Confronting environmental tragedy

The rapid loss of coral reefs is both heartbreaking and personal for me. I cannot visualize the future of coral reefs without feeling a tug of despair.

A sea turtle swims over a fully-bleached reef on Heron Island, the Great Barrier Reef.
A sea turtle swims over a fully-bleached reef on Heron Island, the Great Barrier Reef.

In January, I wrote about the heat wave that has devastated coral reefs in my home state of Hawaii since last year. Temperatures somewhat subsided in Hawaii over the winter, but summer has hit the Southern Hemisphere hard. What is now being called the 2014-2016 global bleaching event – the third and longest such event ever recorded – is taking a breathtaking toll around the world.

High temperatures cause the tiny pigmented algae that live within coral to exodus, leaving the coral without the energy their symbiotic algae normally provide. The coral turn the bright bleach-white color that gives the phenomenon its name. Bleached coral can recuperate from starvation if temperatures fall. But when temperatures rise and stay high for weeks on end, as they did this summer, corals’ energy stores can run out, and they die. On the northern section of Australia’s Great Barrier Reef, considered one of the seven natural wonders of the world, the recent heat wave has bleached 95% of corals.

A bleached staghorn coral in American Samoa, photographed this February.
A bleached staghorn coral in American Samoa, photographed this February.

Climate change is forcing corals to live at higher and higher temperatures, and it seems that their natural adaptive processes simply cannot keep up. This has dire implications for marine ecosystems: corals are what ecologists call keystone species, meaning they are essential to the stability of the entire ecosystem in which they live. In losing corals, we also lose coral reefs, and the multitude of organisms that thrive only in the complex environment corals create.

It is not reef ecology alone that feels so bleak. The same kind of pessimism – or realism, depending on your perspective – applies to much of climate science. Retreating glaciers, shrinking forests, and rising oceans have become commonplace ideas, but if we stop to think, or spend our lives studying what these changes really mean, the issues can start to feel hopeless. Even worse than the grim forecast is the lack of clear path forward. There is no guarantee that dedicating a few dollars, or a year, or even a lifetime to this cause will do anything to change processes that were set in motion long before we were born.

Bennett, a fellow PCUR, asked me how I can care so much about corals when their future, given the recent headlines, seems so dark. “How can you work on reefs with this constantly weighing on you?” he asked.

It does weigh on me. But how could I not?

Last summer, my mentor’s lab group at Woods Hole Oceanographic Institution tracked coral bleaching as a heat wave swept over Dongsha Atoll in the South China Sea. Off the coast of the tiny, uninhabited atoll, they surveyed miles of bleached reef, returning with photographs of bleached and dead corals. Some of the dead corals were huge, probably hundreds of years old.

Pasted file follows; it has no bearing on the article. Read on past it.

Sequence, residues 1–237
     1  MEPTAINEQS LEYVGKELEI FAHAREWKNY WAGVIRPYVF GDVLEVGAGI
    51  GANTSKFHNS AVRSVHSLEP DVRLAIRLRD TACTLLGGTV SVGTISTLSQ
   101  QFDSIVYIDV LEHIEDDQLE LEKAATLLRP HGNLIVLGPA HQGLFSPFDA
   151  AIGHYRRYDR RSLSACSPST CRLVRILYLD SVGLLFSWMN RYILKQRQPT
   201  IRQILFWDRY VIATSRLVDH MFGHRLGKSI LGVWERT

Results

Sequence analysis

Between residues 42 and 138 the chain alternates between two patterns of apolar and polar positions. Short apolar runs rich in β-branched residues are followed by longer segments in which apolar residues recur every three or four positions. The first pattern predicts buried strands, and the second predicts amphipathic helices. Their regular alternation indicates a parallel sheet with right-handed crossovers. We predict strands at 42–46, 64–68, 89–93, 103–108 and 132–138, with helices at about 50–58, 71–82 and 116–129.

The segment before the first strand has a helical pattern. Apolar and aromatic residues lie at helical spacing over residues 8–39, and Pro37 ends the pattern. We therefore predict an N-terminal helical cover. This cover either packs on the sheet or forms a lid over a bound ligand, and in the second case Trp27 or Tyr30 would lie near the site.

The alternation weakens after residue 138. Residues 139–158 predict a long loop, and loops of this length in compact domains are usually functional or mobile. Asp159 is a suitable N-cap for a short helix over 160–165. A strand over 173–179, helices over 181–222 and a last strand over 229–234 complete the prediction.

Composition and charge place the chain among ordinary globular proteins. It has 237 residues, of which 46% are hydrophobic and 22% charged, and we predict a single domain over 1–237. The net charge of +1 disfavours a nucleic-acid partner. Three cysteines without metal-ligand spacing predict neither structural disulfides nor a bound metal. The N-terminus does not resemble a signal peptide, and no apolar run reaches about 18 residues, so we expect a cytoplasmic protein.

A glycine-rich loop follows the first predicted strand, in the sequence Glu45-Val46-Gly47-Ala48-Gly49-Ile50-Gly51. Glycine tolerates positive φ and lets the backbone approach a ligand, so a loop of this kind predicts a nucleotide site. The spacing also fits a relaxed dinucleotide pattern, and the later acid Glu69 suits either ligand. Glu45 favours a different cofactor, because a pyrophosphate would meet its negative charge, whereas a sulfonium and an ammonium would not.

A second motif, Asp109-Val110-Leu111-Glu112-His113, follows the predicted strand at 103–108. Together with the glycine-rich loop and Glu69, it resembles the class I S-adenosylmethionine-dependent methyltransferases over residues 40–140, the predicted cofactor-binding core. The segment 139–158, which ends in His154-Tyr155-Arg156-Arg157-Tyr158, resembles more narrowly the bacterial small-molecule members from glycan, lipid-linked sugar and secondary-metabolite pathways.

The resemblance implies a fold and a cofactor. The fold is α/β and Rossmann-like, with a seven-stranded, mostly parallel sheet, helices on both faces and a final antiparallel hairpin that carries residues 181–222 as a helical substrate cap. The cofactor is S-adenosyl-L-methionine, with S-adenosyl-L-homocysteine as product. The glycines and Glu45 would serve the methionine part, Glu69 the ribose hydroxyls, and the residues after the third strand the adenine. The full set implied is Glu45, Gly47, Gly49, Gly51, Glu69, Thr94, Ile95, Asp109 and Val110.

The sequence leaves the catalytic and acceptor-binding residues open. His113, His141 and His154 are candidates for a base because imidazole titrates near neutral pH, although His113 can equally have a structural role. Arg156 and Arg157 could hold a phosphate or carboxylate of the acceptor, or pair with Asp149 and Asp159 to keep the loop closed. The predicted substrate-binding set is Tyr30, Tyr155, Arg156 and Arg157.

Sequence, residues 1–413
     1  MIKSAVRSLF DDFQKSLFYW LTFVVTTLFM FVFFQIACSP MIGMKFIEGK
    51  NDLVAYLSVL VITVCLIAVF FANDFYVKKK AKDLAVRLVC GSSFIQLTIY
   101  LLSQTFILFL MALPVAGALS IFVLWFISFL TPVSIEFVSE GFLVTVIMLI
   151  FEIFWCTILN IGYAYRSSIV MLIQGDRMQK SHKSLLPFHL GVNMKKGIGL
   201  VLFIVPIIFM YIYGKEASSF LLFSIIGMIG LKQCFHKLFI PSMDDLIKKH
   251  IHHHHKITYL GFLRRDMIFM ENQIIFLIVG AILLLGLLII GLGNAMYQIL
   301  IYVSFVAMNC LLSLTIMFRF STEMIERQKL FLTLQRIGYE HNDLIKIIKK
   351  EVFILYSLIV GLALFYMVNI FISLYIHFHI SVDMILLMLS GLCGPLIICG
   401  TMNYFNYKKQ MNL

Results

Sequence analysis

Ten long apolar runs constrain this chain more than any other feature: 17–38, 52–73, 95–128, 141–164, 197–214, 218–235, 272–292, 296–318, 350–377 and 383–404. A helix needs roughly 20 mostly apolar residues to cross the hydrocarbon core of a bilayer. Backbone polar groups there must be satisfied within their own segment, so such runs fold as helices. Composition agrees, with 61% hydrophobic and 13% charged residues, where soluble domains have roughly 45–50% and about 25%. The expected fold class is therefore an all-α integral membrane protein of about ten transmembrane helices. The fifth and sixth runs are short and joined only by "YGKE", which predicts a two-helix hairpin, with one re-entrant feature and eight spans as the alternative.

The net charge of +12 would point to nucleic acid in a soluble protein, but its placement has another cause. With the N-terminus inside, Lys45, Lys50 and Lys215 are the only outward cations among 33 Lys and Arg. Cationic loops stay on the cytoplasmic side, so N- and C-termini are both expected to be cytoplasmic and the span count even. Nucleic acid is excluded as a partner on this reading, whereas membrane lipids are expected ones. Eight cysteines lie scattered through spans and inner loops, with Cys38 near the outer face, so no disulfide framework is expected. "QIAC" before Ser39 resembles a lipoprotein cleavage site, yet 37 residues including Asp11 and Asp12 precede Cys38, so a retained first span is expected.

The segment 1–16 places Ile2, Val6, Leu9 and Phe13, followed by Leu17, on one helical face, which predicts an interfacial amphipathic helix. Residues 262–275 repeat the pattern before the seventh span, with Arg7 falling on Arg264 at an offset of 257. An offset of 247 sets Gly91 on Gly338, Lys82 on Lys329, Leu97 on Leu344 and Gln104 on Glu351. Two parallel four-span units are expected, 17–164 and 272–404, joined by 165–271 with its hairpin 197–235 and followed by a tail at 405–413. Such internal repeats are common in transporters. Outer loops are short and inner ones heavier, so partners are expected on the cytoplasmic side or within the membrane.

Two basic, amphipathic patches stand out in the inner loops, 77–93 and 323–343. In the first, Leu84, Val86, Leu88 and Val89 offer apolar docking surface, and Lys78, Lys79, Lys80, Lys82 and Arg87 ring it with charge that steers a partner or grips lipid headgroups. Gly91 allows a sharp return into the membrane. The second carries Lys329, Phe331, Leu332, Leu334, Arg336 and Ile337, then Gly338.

My adviser, Anne – a vibrantly passionate person under all circumstances – found energy in the tragedy, not despair.

The visual evidence was staggering, and our lab group of coral-lovers was appalled. But my adviser, Anne – a vibrantly passionate person under all circumstances – found energy in the tragedy, not despair.

Bleached coral in Kaneohe Bay
Bleaching in Kaneohe Bay, Hawaii. A coral this size is many decades old, at the least.

“How can we tell this to people so they listen?” Anne asked. She pointed at a picture of a looming Porites coral on Dongsha, dead and overgrown with filamentous algae. “This coral lived through World War II. It lived through the American Revolution, and through every other bleaching event we’ve seen. But it didn’t make it through 2015.”

She checked the National Oceanic and Atmospheric Administration (NOAA) Pacific bleaching watch every morning, coming into the lab alight with intensity. “Did you see the bleaching watch?” she’d ask everyone in the office. “We have to get out to the Pacific and monitor this.”

She was focused on the next steps for the science: funding, carrying out, and communicating research; understanding how some corals and reefs survive the effects of climate change; using this knowledge to help protect corals in the future.

Fish swim over the bleached coral of Lizard Island on the Great Barrier Reef this March.
Fish swim over bleached coral on Lizard Island on the Great Barrier Reef this March.

In Anne, and in the professors I know best at Princeton, optimism and action go hand-in-hand. We are faced, perhaps, by a choice. We can give up on the field and live out our lives, letting the earth roll on towards its fate. Or we can choose a mission, however small or large; choose to believe in the possibility of success, and choose to give this effort everything we have.

Will my children and grandchildren know what it’s like to swim on a coral reef? Will they watch young wrasses darting in and out of the rocks, peer into the heart of a cauliflower coral and see the eyes of a speckled crab peering back?

I’m not sure. But I do know that, no matter how grim the forecast, despair doesn’t help. Things are bad, and things are changing, but there is hope. There is enough hope – for me, at least – that it is worth caring, worth turning fear into the fuel of passion. This challenge is worth everything we have.

— Zoe Sims, Natural Sciences Correspondent